The historical truth here is that none of these communities made any efforts to help those politicians come to power. Why is this important to mention? It is important because this is where the root causes of the current crisis lie.
Causes of this war
First, no member of Nuer ethnic group has ever taken top position in South Sudan. Therefore, some members of the Nuer community want this to happen now.
The demand for Riek Machar to become South Sudanese president is the real cause of the war, which has nothing to do with the democratization of the SPLM as a political party. The myth of Dinka domination has strengthened this resolve.
Consequently, South Sudanese, who lost their lives in Juba in December 2013, cannot be the cause of this war because most of the dead were soldiers taking part in active combat with the security forces.
Second, one-party dictatorship has developed in South Sudan. SPLM in South Sudan has become like the ANC in South Africa. A politician in South Africa must first become the leader of ANC before dreaming of leading the country. The SPLM has assumed this character.
For this reason, every politician in South wants some association with the SPLM. We now have the SPLM-DC, the SPLM-in-Opposition, the SPLM leaders, and who knows some other funny names of the SPLM may come up later. The role of the SPLM as a source of power is another major cause of the current war in South Sudan.
Third, the other causes of the war are political impunity, corruption, and weak state institutions. These factors are playing a major part in the current crisis. The weak institutions of governance in South Sudan provide fertile grounds for political violence.
None of the politicians leading the current uprising or those who are protecting the regime expect responsibility for their actions. No one will hold them accountable for anything.
Fourth, proxy warfare did not end with the independence of South Sudan. Sudan’s territorial ambitions in relation to disputed areas remain a catalyst of instability in South Sudan.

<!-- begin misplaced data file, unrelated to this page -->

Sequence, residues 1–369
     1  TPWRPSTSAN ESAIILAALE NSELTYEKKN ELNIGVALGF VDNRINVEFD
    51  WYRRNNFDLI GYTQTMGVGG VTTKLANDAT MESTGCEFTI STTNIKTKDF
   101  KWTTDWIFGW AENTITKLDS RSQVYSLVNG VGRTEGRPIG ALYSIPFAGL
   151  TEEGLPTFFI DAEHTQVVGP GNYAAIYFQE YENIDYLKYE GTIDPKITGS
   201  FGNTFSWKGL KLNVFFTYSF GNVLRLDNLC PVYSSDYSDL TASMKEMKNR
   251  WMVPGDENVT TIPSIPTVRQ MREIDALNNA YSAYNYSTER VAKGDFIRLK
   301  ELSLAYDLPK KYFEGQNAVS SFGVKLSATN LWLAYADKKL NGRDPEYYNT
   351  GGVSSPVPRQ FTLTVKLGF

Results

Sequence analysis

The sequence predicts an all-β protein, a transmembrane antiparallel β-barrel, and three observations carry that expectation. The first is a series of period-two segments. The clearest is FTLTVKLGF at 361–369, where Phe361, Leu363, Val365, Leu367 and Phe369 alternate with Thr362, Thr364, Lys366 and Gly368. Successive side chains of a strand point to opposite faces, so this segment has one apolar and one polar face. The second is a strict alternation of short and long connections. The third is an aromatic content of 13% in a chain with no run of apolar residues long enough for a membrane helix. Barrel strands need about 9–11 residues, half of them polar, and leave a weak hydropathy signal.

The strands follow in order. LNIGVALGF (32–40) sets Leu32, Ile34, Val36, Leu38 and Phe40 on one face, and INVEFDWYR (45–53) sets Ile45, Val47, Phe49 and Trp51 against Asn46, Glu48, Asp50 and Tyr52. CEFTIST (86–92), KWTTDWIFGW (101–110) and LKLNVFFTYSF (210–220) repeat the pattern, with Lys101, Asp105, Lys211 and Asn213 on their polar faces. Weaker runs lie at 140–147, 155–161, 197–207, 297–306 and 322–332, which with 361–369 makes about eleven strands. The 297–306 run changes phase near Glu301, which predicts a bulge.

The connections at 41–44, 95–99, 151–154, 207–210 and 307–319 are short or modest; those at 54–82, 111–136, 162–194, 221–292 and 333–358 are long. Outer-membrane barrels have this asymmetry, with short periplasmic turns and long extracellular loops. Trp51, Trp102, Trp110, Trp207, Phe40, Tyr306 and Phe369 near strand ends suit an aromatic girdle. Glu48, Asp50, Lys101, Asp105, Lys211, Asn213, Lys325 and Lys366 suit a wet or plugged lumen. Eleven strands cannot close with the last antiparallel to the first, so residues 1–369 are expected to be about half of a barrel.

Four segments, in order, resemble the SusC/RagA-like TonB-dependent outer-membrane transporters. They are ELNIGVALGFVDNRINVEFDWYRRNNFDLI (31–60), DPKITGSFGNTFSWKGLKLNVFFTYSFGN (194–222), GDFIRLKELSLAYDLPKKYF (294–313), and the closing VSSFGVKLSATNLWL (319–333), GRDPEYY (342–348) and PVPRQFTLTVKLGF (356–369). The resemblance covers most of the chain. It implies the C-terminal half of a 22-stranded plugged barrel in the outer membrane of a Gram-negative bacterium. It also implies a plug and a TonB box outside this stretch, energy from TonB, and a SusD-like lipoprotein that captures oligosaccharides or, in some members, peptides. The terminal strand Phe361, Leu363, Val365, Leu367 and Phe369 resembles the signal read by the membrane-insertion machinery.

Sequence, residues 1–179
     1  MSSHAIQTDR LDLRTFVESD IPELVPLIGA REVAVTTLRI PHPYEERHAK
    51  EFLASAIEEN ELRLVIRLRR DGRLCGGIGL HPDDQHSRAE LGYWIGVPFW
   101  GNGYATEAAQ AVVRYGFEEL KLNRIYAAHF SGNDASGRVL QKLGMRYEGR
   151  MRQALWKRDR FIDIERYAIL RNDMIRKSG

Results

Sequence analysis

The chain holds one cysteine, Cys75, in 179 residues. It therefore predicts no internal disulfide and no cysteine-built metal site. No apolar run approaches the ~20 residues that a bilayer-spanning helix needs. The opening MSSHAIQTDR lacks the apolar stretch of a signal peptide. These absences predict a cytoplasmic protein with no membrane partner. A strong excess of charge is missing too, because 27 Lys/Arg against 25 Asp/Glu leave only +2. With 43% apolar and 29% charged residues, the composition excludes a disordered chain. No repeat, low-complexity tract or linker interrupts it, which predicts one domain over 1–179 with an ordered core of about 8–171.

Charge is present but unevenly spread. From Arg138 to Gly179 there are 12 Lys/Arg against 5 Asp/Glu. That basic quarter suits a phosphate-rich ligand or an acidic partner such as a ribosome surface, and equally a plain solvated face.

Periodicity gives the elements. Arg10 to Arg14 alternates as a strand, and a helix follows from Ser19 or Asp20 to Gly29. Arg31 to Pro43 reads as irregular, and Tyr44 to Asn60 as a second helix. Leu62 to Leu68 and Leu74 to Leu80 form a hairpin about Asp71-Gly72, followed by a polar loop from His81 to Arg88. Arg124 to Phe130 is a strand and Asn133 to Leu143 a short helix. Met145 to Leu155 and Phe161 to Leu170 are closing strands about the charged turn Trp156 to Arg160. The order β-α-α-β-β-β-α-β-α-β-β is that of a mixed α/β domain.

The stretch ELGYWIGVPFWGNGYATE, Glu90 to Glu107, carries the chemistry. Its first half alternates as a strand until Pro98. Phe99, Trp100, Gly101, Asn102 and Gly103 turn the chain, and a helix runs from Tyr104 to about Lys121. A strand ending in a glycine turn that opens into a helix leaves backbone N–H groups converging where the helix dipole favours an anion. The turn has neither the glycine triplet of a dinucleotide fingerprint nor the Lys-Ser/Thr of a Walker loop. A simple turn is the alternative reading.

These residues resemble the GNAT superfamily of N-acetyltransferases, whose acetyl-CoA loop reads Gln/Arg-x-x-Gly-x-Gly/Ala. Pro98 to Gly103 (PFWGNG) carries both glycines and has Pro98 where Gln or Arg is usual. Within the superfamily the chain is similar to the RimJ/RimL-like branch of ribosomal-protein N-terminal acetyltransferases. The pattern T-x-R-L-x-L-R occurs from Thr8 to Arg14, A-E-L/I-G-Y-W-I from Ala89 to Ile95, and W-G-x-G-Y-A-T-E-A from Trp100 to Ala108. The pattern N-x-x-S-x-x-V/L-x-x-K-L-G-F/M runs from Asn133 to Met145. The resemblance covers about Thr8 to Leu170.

People who rebel in South Sudan, for whatever reason, will have no shortage of arms coming to them from Sudan. Unstable South Sudan allows Sudan to keep Abyei and Panthou (Heglig, to the Sudan. Ed.).
As long as the political class in South Sudan places its interest in power over the future of the country and the welfare of its citizens, this war will not end.
Fifth, South Sudan has ten states with a population of approximately 12 million people, which means that each state could have an average of 1.2 million inhabitants. However, we are asking for more while we know that the country relies on oil revenues.
This demand has raised a number of questions. What economic energy will those small states have? Where the money is going to come from to fund those states? These are not new questions.
South Sudanese who opposed the decentralization policies of 1980s raised them. They asked these questions because what South Sudan needed then, and still needs now are not more divisions but development. South Sudan needs a way out of this mess.
The Way forward
South Sudan needs unconditional peace now, not tomorrow, and the search for peace must be a people-driven exercise. The people of South Sudan must be the first stakeholders in the decision-making process when it comes to the settlement of the current crisis.